Used 1996 Dodge Neon Review
Edmunds expert review
What's new for 1996
Welcome to the new model year. The hype is over and the dust has settled. The cutesy advertising no longer saturates the media, and focus has shifted to newer Chrysler products. Nasty production glitches and early recalls are fading from memory. It is time to examine the Neon for what it is and how well it stacks up to the competition..
The Ford Escort and Mercury Tracer are flat outdated next to this Plymouth. The Toyota Tercel is forty horsepower and a personality off the mark. Nissan's new Sentra is bland in comparison. Chevy's Cavalier feels heavy and ponderous; ditto the Pontiac Sunfire. The Toyota Corolla is a fine car, but can't compete with the sheer value offered by the Neon. Neither can the Geo Prizm. Mazda Protege and Honda Civic suffer the same problem.
What about reliability, though? Well, if the surveys conducted by several independent firms around the country are any indication, the Neon suffers from hit-and-miss quality. Edmund's has received mail from folks who think it's the greatest car they've ever owned, and from others who wanted to know if their problems qualified for any lemon law protection. Overall, the impression we've gained is a favorable one, though we are hesitant to recommend this scrappy compact to those who've traditionally driven imports with Japanese badging.
The Neon combines practicality, performance and personality into one very affordable package. For 1996, the Neon gains standard equipment and revisions to the options list, as well as a new transparently-named Expresso package aimed at so-called Generation X buyers who supposedly spend all their time slacking off at the Coffee Plantation sipping java. Base models get 14-inch wheels, body-color bumpers, tinted glass and intermittent wipers. Sport models used to have antilock brakes and alloy wheels as standard equipment; this year they are optional. Also optional is a power sunroof and a gutsy twin-cam 2.0-liter engine for the Sport sedan.
Expresso models include a decklid spoiler, power bulge hood, white wheelcovers and graphics, along with interior trim from the Sport, air conditioning, tachometer and rear defroster. Sold for less than $12,000, including destination charges, the Expresso will be tempting to first-time buyers on a budget. We think they should go for our favorite, which is the base sedan or coupe equipped with the Competition package. Add air conditioning, and you've got a livable version of the car that Chrysler sponsors in amateur racing events nationwide. Also available is a bona fide GT coupe. Called the nineties version of the original Volkswagen GTI by the automotive press, the Neon Sport Coupe is the most fun you can have for $15,000, aside from a used Mazda Miata.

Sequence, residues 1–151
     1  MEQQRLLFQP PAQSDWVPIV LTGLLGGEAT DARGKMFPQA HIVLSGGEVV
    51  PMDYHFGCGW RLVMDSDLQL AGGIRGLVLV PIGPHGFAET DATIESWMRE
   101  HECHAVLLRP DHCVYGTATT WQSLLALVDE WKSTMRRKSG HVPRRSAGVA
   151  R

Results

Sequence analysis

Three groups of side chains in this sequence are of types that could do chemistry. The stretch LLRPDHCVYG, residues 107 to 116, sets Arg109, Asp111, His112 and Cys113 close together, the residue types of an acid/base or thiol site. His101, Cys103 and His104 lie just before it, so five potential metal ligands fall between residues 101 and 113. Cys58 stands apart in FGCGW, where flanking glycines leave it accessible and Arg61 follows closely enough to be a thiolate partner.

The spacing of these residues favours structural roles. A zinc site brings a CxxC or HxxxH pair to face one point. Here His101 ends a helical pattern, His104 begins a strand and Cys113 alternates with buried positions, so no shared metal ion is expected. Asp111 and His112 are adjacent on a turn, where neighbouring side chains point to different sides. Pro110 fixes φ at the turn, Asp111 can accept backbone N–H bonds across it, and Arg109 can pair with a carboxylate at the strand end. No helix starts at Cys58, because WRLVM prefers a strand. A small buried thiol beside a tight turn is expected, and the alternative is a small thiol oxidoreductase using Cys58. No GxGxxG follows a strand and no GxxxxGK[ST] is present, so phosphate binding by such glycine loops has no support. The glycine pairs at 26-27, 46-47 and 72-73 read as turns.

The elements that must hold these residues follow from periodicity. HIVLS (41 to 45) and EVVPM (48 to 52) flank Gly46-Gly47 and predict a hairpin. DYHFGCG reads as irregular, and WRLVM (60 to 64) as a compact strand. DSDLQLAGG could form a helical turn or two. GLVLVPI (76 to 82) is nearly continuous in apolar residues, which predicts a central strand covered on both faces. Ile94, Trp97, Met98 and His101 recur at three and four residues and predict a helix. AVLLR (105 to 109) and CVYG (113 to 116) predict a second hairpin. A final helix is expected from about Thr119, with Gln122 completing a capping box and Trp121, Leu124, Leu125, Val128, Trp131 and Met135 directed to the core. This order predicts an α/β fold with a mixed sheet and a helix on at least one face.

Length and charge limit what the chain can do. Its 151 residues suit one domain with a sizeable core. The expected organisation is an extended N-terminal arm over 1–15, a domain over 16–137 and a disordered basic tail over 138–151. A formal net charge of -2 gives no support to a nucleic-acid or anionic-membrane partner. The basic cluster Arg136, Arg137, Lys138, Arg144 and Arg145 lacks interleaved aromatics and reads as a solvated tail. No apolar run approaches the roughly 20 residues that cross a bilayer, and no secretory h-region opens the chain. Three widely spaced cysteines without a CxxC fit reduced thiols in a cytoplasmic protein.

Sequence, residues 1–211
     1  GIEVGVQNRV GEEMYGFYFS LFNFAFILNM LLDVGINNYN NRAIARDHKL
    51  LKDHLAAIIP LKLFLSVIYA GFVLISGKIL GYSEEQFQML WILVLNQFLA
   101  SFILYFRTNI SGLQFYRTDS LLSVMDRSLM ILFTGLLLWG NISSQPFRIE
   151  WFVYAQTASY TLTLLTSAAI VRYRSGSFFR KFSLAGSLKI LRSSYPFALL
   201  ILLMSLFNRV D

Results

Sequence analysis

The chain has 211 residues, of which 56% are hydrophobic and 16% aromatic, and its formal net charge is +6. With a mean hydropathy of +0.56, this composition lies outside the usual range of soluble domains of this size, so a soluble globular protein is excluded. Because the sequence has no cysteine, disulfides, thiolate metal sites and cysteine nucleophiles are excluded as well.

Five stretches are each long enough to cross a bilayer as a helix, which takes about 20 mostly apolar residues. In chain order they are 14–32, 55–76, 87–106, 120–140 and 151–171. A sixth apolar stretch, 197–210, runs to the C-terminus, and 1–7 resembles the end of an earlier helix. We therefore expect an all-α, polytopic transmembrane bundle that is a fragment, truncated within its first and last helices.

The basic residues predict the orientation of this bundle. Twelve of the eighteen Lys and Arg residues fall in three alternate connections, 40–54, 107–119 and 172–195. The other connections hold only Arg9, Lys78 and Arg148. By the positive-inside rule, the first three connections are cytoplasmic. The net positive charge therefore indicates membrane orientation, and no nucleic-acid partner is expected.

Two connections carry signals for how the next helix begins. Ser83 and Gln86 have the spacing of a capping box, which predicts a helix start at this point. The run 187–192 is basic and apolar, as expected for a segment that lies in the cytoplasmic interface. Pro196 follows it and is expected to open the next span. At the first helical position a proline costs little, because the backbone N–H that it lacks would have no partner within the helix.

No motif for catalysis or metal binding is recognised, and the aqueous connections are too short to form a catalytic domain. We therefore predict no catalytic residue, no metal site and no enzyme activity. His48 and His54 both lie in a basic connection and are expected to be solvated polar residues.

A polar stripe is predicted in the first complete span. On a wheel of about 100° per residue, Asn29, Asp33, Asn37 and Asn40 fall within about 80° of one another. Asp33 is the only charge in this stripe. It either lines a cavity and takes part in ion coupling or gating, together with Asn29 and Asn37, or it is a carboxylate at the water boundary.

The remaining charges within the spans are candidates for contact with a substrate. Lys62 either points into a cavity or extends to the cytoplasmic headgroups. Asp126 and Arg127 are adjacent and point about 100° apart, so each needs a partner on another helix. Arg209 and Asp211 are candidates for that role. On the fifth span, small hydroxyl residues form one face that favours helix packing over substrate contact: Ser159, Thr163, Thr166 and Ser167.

Supposedly, the Neon is quieter this year. Other news includes the addition of a base coupe to the model mix, increased fuel tank capacity, a remote keyless entry system with panic mode, and a four-spoke steering wheel which replaces last year's frumpy two-spoke unit. Power windows are now optional on the coupe, and two new colors join the palette. Sadly, Nitro Yellow is canceled.
If Chrysler Corporation can quell consumer fears about the reliability of this little car and keep prices in line, there really won't be any point in shopping around. Just drop in to any Plymouth dealer and drive off in one of the best small cars available today.
Edmunds expert review process
This review was written by a member of Edmunds' editorial team of expert car reviewers. Our team drives every car you can buy. We put the vehicles through rigorous testing, evaluating how they drive and comparing them in detail to their competitors.
We're also regular people like you, so we pay attention to all the different ways people use their cars every day. We want to know if there's enough room for our families and our weekend gear and whether or not our favorite drink fits in the cupholder. Our editors want to help you make the best decision on a car that fits your life.